Any side effects from getting the vaccine, like arm pain where you received the shot, a fever, body aches, chills, or a headache are actually a good thing! We know they aren’t fun, but they are temporary and show that your body is responding to the vaccine and building protection. Many people don’t experience any side effects.
Myth #6 – The mRNA technology is new and changes your DNA.
Fact — The Pfizer and Moderna vaccines use mRNA technology to give instructions to our bodies on how to fight the virus that causes COVID-19. The mRNA does enter the cell, but does NOT enter the part of the cell that contains our DNA, so it cannot change our DNA.
This mRNA technology is not new to science or medicine; it has been used and studied for almost 20 years. The COVID-19 vaccine is the first time, though, mRNA is being used in a vaccine. Scientists were able to create the vaccines happened faster than if scientists were using a new technology because of past experience and studies.
*Social media allows us to stay connected and to share helpful, fun, and important information with people in our lives. However, the prevalence of misinformation shared across social media platforms can cause real and harmful outcomes. At NOAH, we only share our NOAH provider’s (doctors, physician assistants, nutritionists, counselors, nurse practitioners, psychiatrists, dentists, etc.) expert insight and knowledge, or trusted third-party sources of information. We will never share questionable information, rumors, or unverified medical insights in our blogs or on our social media platforms.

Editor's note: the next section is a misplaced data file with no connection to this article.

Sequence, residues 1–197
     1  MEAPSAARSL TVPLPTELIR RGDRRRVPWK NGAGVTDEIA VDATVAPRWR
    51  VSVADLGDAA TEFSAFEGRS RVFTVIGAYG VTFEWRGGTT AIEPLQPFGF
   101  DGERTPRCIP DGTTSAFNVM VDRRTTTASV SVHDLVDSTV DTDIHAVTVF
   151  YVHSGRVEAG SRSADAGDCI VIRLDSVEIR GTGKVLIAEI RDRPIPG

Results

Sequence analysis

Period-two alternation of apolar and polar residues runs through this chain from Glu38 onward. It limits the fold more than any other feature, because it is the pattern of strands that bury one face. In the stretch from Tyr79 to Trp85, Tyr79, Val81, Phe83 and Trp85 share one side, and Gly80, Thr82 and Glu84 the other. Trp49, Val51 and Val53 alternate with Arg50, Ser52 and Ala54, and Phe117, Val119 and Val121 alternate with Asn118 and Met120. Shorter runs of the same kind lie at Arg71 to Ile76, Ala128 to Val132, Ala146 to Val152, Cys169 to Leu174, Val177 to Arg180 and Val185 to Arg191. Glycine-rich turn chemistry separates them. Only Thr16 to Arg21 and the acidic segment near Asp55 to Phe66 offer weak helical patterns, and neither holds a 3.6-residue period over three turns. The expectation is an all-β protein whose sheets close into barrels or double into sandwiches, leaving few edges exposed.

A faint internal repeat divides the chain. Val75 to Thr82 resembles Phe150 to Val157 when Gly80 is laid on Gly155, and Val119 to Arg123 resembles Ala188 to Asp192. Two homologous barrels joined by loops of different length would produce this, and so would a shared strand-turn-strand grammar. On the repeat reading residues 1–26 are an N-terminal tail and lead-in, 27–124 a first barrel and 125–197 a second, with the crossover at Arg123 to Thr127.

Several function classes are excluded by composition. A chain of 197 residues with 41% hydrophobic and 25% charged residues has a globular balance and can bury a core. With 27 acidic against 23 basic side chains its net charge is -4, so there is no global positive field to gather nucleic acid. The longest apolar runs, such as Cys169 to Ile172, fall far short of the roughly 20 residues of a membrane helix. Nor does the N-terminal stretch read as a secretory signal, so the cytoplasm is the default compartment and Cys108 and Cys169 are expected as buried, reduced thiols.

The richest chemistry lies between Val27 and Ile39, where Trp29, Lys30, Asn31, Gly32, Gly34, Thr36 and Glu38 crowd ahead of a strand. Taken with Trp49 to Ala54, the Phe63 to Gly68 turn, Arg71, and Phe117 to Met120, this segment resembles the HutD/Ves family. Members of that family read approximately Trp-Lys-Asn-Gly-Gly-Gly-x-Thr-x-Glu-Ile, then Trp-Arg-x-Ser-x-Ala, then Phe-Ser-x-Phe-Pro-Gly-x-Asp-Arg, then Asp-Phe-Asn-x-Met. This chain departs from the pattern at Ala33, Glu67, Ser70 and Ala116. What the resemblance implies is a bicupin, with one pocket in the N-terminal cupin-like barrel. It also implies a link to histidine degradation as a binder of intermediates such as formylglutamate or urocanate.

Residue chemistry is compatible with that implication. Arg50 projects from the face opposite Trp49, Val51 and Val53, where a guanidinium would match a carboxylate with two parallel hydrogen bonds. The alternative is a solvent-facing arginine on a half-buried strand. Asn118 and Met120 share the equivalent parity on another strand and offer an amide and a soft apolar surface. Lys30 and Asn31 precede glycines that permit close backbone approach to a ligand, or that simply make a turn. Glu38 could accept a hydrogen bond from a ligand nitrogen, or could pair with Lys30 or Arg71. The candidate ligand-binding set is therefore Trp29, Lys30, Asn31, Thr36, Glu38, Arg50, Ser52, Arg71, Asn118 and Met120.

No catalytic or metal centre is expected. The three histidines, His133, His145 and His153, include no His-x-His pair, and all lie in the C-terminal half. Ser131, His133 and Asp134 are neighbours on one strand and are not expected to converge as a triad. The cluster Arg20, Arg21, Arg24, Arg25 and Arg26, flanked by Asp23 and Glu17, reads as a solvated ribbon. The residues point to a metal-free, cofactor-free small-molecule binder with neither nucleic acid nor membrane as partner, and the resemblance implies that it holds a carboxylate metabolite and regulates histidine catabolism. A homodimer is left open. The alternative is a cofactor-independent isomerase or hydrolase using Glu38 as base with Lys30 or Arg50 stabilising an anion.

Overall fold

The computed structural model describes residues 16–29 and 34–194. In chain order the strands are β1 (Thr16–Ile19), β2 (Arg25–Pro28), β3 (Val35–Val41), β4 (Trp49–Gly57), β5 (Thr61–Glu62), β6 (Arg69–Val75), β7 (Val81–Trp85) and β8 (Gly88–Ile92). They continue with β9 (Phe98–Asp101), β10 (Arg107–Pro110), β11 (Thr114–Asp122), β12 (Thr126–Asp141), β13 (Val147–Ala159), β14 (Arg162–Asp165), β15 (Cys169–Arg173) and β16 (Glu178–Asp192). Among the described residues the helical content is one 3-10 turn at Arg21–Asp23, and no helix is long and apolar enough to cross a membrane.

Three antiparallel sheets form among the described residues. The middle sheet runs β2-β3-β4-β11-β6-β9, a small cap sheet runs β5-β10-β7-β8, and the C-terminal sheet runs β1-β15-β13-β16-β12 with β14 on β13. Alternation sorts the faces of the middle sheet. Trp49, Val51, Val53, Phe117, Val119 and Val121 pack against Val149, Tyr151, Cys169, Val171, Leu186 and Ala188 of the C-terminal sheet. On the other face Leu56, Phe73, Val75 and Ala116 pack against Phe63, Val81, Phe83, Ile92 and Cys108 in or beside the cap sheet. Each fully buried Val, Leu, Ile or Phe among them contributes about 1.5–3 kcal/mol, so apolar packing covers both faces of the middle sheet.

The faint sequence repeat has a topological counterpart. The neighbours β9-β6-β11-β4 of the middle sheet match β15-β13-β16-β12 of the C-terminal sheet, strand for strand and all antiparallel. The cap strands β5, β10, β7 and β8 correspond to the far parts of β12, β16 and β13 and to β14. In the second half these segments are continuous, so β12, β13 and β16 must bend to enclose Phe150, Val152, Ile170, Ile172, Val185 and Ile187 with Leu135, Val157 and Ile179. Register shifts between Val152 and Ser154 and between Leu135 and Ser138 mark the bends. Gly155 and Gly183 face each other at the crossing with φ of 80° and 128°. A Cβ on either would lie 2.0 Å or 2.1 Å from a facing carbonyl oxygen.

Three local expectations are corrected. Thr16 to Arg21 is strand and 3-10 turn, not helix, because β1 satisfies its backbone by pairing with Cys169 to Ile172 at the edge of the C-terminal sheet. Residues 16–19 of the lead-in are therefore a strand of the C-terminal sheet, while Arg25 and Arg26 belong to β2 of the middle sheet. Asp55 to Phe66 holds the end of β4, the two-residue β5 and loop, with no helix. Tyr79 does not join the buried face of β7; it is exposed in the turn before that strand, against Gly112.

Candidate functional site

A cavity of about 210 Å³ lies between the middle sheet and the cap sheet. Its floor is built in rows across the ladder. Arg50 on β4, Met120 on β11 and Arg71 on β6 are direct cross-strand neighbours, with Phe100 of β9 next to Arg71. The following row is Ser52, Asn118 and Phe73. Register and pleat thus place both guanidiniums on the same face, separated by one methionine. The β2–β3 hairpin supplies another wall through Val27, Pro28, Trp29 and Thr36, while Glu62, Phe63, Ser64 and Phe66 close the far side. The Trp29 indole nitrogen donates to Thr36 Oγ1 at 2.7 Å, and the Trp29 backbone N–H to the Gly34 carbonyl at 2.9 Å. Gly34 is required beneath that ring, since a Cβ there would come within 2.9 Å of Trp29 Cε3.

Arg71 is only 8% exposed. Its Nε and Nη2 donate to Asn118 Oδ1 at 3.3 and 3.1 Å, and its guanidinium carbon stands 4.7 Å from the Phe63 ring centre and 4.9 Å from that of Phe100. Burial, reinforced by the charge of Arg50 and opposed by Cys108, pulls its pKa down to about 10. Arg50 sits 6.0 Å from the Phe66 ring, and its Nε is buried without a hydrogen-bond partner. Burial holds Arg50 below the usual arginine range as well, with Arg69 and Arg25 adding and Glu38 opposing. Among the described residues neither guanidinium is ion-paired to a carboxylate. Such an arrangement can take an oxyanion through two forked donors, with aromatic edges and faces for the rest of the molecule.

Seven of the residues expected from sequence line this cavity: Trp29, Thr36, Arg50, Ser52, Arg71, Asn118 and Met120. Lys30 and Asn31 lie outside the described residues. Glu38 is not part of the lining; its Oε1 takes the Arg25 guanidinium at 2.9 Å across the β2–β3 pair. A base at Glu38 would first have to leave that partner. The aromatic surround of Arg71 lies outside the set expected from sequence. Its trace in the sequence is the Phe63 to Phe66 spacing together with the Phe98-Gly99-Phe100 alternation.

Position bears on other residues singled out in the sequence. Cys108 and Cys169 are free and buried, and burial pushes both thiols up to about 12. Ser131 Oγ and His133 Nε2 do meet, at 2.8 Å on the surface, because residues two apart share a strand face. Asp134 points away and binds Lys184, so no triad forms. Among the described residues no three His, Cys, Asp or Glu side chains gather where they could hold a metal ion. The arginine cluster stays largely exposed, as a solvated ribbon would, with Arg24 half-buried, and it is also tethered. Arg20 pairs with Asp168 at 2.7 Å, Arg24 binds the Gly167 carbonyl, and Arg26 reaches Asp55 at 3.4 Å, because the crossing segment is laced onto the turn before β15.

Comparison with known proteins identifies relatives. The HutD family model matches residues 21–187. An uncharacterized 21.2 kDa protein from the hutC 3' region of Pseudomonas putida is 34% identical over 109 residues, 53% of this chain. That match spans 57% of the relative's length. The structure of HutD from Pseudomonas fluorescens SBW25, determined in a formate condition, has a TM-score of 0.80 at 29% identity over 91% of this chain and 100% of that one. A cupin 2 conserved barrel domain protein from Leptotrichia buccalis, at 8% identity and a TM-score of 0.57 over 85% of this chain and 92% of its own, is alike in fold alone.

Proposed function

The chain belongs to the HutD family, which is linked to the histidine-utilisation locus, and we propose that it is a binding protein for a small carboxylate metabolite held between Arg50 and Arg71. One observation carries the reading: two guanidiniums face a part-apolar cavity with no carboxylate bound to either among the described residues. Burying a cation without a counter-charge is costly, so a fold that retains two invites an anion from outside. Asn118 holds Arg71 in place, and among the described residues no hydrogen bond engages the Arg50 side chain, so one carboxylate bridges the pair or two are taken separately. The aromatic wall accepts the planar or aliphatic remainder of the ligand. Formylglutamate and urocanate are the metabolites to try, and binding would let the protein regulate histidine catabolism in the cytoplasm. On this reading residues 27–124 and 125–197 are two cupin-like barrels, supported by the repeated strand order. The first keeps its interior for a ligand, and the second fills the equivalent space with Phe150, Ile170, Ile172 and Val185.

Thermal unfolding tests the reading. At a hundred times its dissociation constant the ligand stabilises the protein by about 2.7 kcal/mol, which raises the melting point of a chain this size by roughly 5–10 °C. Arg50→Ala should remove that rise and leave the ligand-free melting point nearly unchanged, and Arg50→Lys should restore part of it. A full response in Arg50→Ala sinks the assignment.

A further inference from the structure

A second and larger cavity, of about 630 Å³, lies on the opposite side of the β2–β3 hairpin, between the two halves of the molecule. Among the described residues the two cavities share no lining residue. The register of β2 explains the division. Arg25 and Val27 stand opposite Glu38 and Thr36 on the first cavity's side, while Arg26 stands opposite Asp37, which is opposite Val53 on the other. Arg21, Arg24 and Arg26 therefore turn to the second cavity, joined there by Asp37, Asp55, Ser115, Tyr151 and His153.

https://noahhelps.org/wp-content/uploads/2021/04/APRIL_Myth-Header-scaled.jpg9852560Katy Reevehttps://www.noahhelps.org/wp-content/uploads/2019/06/NOAH_LOGO_CMYK_shadow_325_weblogo.pngKaty Reeve2021-04-07 14:54:072021-04-08 17:07:08Myth or Fact – Understanding the COVID Vaccine
7500 N. Dreamy Draw Drive
Phoenix, AZ 85020
Phone: (480) 882-4545
Neighborhood Outreach Access to Health (NOAH) is a Health Center Program grantee under 42 U.S.C. 254b, and a deemed Federal Tort Claims Act (FTCA) Public Health Service organization under 42 U.S.C. 233(g)-(n). NOAH is an Equal Opportunity Employer.